Progress towards the MIC is slow, although some initial steps have been taken. On March 20, 2018, the Council of the European Union adopted negotiating directives authorizing the European Commission to negotiate a convention establishing the MIC. The Commission intends to start negotiations within UNCITRAL.
ISDS has also been challenged within the European courts. In 2018, in the Achmea decision, the Court of Justice of the EU (CJEU) invalidated traditional ISDS in intra- EU treaties on the basis that the traditional system incorporated into a treaty between Member States was incompatible with the autonomy and supremacy of EU law and the requirement that EU law be effective. By contrast, in April 2019, the CJEU sided with ICS, holding that this new form of ISDS was compatible with (i) the autonomy of the EU legal order, (ii) the general principle of equal treatment, (iii) the requirement that EU law be effective, and (iv) the right of access to an independent and impartial judiciary.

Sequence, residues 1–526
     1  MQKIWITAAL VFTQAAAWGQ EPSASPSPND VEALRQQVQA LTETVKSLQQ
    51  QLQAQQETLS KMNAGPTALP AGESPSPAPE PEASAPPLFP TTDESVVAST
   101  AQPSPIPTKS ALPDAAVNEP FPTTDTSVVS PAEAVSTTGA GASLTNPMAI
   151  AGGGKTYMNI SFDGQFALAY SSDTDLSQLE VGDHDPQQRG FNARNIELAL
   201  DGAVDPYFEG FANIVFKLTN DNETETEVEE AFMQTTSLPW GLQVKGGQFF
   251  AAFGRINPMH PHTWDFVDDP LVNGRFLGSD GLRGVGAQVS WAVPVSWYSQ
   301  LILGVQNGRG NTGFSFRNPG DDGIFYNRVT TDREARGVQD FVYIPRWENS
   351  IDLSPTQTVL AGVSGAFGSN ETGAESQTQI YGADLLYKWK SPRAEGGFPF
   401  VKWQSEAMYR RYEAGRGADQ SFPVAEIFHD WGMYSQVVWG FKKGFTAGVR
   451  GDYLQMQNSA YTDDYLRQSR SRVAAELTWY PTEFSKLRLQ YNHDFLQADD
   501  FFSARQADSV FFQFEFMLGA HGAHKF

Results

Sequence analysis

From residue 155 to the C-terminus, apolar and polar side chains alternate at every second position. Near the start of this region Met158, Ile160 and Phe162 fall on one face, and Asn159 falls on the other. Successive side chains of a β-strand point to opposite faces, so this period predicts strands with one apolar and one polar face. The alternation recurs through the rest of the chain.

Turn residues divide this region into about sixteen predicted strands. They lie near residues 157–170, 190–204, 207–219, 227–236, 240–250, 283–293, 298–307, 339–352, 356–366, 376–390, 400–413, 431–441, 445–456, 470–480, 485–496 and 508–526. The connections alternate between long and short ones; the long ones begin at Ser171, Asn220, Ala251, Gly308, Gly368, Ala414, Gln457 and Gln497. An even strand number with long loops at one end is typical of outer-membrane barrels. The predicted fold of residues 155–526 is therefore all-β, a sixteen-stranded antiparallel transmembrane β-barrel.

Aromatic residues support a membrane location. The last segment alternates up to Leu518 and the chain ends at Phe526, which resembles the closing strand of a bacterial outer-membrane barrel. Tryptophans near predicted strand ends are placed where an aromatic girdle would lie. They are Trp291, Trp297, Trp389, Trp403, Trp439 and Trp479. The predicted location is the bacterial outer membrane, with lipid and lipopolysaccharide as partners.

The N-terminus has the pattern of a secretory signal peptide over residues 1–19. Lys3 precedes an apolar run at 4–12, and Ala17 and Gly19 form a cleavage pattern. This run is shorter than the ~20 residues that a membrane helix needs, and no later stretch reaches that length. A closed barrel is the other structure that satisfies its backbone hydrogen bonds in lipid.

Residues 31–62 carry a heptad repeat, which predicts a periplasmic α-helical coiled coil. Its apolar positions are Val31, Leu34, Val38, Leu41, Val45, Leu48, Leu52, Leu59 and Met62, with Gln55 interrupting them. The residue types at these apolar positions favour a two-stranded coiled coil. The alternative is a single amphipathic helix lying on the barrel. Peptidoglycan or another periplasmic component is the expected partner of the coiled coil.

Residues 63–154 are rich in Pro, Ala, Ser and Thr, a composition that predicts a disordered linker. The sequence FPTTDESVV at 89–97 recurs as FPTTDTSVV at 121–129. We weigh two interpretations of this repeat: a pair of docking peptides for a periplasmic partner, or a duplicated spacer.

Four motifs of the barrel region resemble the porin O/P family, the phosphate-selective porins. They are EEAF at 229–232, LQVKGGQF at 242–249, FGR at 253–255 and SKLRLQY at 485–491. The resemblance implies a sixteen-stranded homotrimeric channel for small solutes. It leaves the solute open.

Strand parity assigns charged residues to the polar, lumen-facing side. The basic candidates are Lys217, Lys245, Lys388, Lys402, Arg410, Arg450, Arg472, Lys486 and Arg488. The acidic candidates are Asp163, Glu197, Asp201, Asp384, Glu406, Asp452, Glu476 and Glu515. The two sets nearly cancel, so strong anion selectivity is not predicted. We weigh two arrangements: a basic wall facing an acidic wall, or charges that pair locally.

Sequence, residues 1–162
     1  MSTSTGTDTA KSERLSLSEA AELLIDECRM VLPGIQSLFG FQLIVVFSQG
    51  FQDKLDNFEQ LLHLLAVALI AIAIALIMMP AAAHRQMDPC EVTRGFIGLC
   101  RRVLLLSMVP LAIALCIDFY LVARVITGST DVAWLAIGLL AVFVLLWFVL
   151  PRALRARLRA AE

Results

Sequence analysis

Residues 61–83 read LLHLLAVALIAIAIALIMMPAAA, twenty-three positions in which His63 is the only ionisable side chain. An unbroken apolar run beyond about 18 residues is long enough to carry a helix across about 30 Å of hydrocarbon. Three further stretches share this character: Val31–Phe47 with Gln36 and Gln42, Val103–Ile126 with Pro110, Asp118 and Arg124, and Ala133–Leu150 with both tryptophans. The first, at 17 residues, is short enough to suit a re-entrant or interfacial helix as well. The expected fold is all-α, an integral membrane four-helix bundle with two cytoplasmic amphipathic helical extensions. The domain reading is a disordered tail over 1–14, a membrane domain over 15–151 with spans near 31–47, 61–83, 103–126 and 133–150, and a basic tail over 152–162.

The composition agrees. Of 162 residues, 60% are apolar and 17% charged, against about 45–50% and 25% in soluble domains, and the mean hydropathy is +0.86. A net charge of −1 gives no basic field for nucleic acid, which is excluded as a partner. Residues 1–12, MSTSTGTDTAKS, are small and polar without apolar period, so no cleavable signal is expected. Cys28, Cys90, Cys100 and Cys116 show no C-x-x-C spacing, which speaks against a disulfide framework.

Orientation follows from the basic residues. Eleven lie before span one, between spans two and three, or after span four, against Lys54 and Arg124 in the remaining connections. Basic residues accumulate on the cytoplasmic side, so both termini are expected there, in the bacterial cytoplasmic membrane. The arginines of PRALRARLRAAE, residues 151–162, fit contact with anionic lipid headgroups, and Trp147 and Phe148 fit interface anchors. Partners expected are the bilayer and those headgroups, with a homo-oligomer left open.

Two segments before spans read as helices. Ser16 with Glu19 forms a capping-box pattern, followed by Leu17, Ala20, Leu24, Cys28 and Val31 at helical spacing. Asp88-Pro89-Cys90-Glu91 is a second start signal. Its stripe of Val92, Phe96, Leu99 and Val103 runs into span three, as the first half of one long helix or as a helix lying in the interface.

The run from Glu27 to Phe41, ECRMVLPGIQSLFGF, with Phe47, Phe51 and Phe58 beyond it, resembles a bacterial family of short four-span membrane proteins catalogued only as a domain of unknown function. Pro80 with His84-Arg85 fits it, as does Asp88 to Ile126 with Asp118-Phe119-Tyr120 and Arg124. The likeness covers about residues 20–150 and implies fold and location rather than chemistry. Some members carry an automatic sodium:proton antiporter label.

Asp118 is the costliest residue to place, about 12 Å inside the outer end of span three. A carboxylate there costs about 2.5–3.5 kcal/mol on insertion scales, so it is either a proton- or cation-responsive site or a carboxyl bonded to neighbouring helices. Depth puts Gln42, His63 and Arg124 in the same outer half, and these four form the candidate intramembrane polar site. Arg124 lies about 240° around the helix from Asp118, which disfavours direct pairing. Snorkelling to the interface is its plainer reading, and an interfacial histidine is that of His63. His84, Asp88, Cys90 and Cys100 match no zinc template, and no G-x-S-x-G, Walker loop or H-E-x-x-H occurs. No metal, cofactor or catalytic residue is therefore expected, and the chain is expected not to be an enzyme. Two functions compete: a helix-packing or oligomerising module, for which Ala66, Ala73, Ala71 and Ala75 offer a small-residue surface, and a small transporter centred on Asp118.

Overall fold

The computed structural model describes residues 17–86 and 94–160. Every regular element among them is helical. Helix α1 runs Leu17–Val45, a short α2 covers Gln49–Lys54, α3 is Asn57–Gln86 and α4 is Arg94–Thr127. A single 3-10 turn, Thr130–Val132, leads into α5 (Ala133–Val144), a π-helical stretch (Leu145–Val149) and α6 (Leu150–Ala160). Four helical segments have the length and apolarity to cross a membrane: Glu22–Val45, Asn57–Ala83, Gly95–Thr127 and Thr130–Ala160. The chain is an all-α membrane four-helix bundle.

Multilateral reform initiatives
In addition to these changes in specific jurisdictions, there are reform initiatives taking place on a number of fronts, including the OECD, the WTO, UNCITRAL and ICSID.
UNCITRAL, for example, is overseeing a State-driven ISDS reform initiative, through Working Group III (the Group). The mandate of the Group is the following: (a) first, identify and consider concerns regarding investor-State dispute settlement; (b) second, consider whether reform was desirable in the light of any identified concerns; and (c) third, if the Working Group were to conclude that reform was desirable, develop any relevant solutions to be recommended to the Commission. The Group has identified concerns that fall into four categories